RE: Belief Statements

From: Stathis Papaioannou <>
Date: Sun, 16 Jan 2005 17:59:31 +1100

On 15/1/05 Brent Meeker wrote:

(quoting my post)
>It's easy to get confused over the meaning of terms like "different person"
>here. The basic idea I am trying to get across is that if a person or other
>conscious entity is destroyed and after a certain time period is (to an
>arbitrary level of fidelity) reconstructed, perhaps fom a different source
>of matter, then in general there is no way for that person to know that he
>hasn't just had a period of unconsciousness whilst still remaining the
>"same" person.
>Many would be shocked at the prospect of going through the above process,
>fearing that it would actually amount to being killed and then replaced by
>deluded imposter. Literally, I suppose this is true. We could also argue
>about whether we should say that the original person has "survived" the
>process, or whether the pre- and post-reconstruction versions are
>"identical". This is just semantics. The important point is that the normal
>flow of conscious experience is indistinguishable from / equivalent to
>and being replaced by a deluded imposter every moment.
>--Stathis Papaioannou
>I see some problems with the above view. First, the idea that the same
>person can have different physical realizations is based on the
>view of thought and consciousness. Thought is some physical process. But
>then it seems this physical basis is ignored and "a person" is idealized as
>just the information processing. But there is no information without
>representation. Just because it is possible to realize a person in
>different physical media doesn't mean that the physical medium can be
>dispensed with.

We can restrict ourselves to the one thing we know for certain about thought
and consciousness (leaving aside the Problem of Other Minds), which is that
it is associated with complex electrochemical processes in human brains. It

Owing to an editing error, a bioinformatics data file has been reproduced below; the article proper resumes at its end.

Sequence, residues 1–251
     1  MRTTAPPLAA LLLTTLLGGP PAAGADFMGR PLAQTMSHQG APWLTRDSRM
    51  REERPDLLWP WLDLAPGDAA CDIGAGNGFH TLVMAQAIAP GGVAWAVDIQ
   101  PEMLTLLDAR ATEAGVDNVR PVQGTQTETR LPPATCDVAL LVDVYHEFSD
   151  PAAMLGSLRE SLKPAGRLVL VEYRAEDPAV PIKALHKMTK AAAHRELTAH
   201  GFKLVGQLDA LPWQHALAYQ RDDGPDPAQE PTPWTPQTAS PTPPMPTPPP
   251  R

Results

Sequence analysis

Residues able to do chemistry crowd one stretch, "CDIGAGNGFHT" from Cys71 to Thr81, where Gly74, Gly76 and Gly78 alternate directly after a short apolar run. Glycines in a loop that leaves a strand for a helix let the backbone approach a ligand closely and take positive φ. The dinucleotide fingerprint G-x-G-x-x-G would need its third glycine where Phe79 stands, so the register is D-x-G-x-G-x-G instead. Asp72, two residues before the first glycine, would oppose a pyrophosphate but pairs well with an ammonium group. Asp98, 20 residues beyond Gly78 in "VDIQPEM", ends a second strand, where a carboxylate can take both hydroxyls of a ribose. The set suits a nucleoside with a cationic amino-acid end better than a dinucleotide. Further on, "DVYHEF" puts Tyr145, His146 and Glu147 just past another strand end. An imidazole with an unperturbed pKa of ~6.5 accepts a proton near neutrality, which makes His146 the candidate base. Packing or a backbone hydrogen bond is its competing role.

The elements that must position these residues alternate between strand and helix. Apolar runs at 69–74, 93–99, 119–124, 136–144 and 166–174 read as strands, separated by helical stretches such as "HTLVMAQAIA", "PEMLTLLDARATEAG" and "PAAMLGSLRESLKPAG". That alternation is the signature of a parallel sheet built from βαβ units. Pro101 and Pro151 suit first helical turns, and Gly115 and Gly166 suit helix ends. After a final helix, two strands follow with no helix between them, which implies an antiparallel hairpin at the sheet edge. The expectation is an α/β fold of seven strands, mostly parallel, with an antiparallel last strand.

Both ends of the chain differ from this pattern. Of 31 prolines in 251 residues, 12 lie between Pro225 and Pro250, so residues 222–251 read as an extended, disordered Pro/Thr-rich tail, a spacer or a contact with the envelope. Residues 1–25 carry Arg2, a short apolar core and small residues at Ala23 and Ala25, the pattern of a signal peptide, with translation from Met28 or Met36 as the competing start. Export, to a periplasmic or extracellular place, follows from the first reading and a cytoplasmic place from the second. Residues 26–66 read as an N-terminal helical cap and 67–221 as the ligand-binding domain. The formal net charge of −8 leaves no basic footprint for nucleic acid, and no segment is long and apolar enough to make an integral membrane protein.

doesn't change my argument.

>Second, there seems to be an assumption that a person is only a sequence of
>conscious thoughts. All conscious thought is associated with brains - and
>also with a lot of unconscious 'thought' or information processing. It is
>not at all clear that one could recreate the conscious stream of thought
>without the unconscious part.

Again, let's agree that only the wet squishy thing inside our skulls is
capable of thought. We certainly don't have any direct evidence to the

>Third, related to the second above, thought is a process that is
>in both space, throughout the brain, as well as time. Hence relativity
>implies that there is no unique sequence of events corresponding to a
>state of consciousness.

Can you explain this third point?

I've never understood why critics of computationalism think the brain is so
fundamentally different from electronic computers. Whatever mysterious, as
yet undiscovered of processes may be behind conscious thought, it all has to
be done with at most a couple of dozen different elements taking part in
chemical reactions. What else beyond this could there possibly be?

--Stathis Papaioannou

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Received on Sun Jan 16 2005 - 02:04:48 PST

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